Chronic back pain greatly affects the quality of life of those who suffer it. 80-90% of people experience lower back pain at some point in their lives, and, for 5-10% of those people, pain becomes chronic. Since it is a widespread phenomenon, chronic back pain deserves a lot of attention.
Constant pain is difficult to deal with; it imposes limitations on your activity and is extremely unpleasant due to the simple fact that you hurt regularly. For many people with chronic pain, pain isn’t the only unpleasant symptom. Along with psychological and emotional symptoms, fatigue is common.
The Mayo Clinic defines fatigue as a state of weariness that diminishes your mental capacity and physical energy level. Many with fatigue feel unmotivated and unable to perform even simple tasks. Brief bouts of fatigue are normal; a stressful day at work or an overexerting activity is often the cause. However, fatigue can become chronic when the situation causing it persists.
Chronic Pain and Fatigue
Pain can cause fatigue both physically and emotionally. The main connection between pain and fatigue is stress. The body experiences stress when it is in pain and uses energy to keep functioning in spite of pain. Chronic pain tends to have a notable emotional impact on patients; depression and anxiety are common. This emotional stress leads to emotional fatigue, causing lack of motivation. The combination of emotional and physical fatigue can cause people to decrease activity, sometimes staying in bed for days. A lack of activity causes physical deconditioning, which can worsen chronic back pain and other health problems. Bed rest beyond 2 days significantly reduces muscle tone and cardiovascular health, two things needed to support and provide nutrients to the structures of the body.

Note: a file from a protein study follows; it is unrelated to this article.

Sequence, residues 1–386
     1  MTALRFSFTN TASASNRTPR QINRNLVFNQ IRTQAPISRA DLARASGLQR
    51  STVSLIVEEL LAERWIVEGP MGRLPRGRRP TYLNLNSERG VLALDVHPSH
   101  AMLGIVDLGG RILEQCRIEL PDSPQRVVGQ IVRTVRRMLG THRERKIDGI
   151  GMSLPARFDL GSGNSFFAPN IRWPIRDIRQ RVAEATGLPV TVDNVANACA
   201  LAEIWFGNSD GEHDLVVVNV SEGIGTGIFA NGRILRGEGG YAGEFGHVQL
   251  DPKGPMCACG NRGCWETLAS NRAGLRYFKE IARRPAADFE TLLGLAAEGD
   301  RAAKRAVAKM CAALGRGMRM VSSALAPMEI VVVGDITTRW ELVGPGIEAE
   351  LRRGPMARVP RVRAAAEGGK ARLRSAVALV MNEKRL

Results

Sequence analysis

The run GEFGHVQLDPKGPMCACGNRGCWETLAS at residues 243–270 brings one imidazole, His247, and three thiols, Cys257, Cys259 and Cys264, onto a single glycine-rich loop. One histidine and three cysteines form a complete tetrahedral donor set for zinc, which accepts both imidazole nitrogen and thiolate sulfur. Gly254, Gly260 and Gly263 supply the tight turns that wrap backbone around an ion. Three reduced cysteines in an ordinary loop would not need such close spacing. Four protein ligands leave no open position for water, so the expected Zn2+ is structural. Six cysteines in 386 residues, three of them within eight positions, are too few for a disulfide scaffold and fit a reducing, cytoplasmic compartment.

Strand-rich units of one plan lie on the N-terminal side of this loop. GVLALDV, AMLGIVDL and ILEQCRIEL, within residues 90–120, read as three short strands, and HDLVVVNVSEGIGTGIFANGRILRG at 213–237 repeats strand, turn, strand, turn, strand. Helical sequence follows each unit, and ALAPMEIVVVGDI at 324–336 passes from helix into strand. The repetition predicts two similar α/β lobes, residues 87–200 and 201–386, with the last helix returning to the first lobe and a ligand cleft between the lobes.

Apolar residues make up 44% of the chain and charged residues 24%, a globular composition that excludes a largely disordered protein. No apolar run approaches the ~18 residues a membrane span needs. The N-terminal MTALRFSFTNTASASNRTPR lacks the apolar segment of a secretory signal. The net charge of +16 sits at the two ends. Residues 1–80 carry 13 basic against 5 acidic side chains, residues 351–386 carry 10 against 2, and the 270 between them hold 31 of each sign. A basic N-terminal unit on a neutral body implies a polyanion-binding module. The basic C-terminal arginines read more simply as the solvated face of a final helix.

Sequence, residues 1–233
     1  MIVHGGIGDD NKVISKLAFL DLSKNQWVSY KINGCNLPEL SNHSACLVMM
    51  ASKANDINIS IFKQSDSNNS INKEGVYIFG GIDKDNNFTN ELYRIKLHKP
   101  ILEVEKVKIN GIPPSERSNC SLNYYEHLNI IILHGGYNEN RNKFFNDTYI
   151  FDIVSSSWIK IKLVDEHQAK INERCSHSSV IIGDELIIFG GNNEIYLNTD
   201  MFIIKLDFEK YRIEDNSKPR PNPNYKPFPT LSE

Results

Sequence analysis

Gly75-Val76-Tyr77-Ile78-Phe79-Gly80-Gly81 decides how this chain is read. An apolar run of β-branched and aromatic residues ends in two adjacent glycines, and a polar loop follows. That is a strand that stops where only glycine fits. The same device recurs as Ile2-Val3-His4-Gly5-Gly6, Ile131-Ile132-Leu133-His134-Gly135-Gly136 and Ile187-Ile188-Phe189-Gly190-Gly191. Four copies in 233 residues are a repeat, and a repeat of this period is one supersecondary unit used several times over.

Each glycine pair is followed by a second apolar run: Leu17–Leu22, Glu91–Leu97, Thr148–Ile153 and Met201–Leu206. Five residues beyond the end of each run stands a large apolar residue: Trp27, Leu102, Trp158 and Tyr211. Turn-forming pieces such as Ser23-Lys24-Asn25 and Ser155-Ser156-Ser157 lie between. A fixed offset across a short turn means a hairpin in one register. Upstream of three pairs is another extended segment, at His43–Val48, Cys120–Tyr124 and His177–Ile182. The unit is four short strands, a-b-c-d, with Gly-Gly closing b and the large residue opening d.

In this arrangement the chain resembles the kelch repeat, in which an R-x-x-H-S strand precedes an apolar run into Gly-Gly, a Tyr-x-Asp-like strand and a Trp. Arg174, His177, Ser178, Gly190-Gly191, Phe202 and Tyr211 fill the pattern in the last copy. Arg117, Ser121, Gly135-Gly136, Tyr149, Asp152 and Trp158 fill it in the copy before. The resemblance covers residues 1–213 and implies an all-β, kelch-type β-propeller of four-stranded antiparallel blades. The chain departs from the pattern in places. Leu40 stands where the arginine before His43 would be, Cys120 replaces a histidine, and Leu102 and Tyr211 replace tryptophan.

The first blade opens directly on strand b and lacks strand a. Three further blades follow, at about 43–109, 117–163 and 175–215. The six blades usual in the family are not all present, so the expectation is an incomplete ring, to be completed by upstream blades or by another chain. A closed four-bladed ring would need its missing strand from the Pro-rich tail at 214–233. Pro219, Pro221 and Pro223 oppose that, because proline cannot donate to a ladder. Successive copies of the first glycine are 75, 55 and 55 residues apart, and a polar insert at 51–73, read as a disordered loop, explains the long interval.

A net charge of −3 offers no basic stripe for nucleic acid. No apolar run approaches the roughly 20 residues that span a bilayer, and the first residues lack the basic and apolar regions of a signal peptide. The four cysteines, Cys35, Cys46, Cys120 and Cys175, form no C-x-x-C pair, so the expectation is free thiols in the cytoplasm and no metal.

The most obvious way to deal with pain-induced fatigue is to manage pain, but this isn’t always easy. The plethora of back pain causes makes diagnosis and treatment difficult. Conditions like fibromyalgia are still quite mysterious to the medical community and no sure-fire treatment exists for it.
Unlike pain medications that can actually make fatigue worse, alternative therapies can safely help to reduce both pain and fatigue. Those who have tried more conventional therapies to no avail should consider myofascial release, chiropractic care, massage therapy or acupuncture. These pain management therapies may be less conventional than pain medication, but they address possible sources of pain and work to cut it off at the root. See nccam.nih.gov for more information on complementary and alternative medicine for chronic pain, including studies.
Aside from managing pain, acknowledging the emotional link between pain and fatigue is necessary to treat it. Many doctors will simply recommend an antidepressant for pain-related fatigue, but there are non-drug alternatives. Cognitive behavioral therapy, for example, involves working through the perceptions and emotions associated with chronic pain. The result is often both reduced emotional and physical symptoms.
Finally, the age-old advice for managing fatigue is relevant. Getting sufficient sleep and eating a balanced diet can help lessen fatigue. It is a good idea to get your blood tested for vitamin deficiencies; many people with pain and fatigue are Vitamin D-deficient.
Chronic pain and fatigue are linked and, as such, should be addressed together in treatment. Taking a physical and mental approach to treating your condition will help you find relief faster.